Thomas Jefferson Builds a Library
by Barb Rosenstock, illustrated by John O'Brien
Calkins Creek, 2013. 32 pgs. Nonfiction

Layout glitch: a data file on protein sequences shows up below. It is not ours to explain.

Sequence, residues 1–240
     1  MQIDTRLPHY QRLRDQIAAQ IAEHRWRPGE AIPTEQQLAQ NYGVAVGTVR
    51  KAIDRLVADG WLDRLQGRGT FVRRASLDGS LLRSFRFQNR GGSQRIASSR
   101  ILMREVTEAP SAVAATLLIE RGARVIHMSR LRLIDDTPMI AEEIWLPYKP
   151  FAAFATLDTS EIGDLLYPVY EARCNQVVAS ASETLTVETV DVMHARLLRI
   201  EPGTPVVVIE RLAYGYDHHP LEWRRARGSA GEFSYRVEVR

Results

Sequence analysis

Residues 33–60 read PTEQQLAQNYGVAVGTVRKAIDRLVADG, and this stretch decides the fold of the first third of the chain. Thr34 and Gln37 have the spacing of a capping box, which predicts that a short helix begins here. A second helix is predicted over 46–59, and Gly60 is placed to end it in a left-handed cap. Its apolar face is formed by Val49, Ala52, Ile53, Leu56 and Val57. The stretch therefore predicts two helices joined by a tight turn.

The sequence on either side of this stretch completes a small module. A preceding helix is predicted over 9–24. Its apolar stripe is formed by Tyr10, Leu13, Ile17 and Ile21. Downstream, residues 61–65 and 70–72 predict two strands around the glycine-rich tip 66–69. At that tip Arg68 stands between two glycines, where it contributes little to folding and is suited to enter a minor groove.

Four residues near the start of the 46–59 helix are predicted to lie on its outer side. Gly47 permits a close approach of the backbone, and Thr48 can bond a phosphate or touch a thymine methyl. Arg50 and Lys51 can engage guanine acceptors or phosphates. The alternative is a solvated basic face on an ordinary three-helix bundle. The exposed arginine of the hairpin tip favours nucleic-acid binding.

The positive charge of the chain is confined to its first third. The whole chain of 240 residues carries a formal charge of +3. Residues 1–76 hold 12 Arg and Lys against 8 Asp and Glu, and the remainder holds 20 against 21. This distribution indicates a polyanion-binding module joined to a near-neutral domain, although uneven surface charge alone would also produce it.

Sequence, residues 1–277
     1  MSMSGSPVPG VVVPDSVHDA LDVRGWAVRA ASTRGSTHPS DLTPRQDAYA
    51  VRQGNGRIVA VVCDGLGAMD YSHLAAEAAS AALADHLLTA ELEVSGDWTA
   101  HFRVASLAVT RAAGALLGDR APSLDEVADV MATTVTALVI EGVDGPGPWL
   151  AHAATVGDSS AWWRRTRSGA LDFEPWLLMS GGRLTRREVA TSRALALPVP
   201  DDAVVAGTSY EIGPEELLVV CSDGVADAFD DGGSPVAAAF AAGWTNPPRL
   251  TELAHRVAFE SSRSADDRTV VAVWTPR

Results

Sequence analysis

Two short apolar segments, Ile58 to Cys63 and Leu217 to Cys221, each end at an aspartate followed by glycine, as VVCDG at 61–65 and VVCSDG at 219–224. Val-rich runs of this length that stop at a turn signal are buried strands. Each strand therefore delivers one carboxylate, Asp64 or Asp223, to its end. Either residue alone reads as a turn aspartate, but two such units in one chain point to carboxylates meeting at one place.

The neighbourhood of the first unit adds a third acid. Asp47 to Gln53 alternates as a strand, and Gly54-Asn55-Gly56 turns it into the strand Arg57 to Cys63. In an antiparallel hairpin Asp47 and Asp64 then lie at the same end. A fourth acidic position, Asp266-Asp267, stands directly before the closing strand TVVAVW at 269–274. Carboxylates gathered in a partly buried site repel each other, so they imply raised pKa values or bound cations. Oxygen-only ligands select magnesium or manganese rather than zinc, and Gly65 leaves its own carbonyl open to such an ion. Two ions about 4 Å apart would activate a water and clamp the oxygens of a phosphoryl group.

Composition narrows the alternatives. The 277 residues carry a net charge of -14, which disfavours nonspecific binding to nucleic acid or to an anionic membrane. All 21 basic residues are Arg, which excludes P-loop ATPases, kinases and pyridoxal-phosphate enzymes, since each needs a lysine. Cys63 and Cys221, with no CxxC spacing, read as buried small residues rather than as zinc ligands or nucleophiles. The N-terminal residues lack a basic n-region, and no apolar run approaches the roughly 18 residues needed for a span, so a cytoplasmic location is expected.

When President Kennedy hosted a dinner for all the Nobel laureates of the Western Hemisphere, he began the evening with his opinion that " . . . this is the most extraordinary collection of talent, of knowledge, that has ever been gathered at the White House, with the possible exception of when Thomas Jefferson dined alone." Jefferson might easily be reckoned the brainiest of our presidents, not only because he was so smart and skilled, but because he read constantly. In Rosenstock's delightful picture nonfiction book we learn how Jefferson took to books at an early age--he'd read all of his father's books before he turned six--and spent the rest of his life reading and collecting books for his library. He read in bed, on horseback, fifteen hours a day when he was a student. He lost his earliest library to a fire, and when the British burned the Capitol during the War of 1812, the small Congressional library was destroyed, so Jefferson donated his by-then voluminous collection as the seed of the Library of Congress. John O'Brien's sprightly drawings combine with Barb Rosenstock's fascinating text to make a book about libraries and the love of reading delightfully entertaining.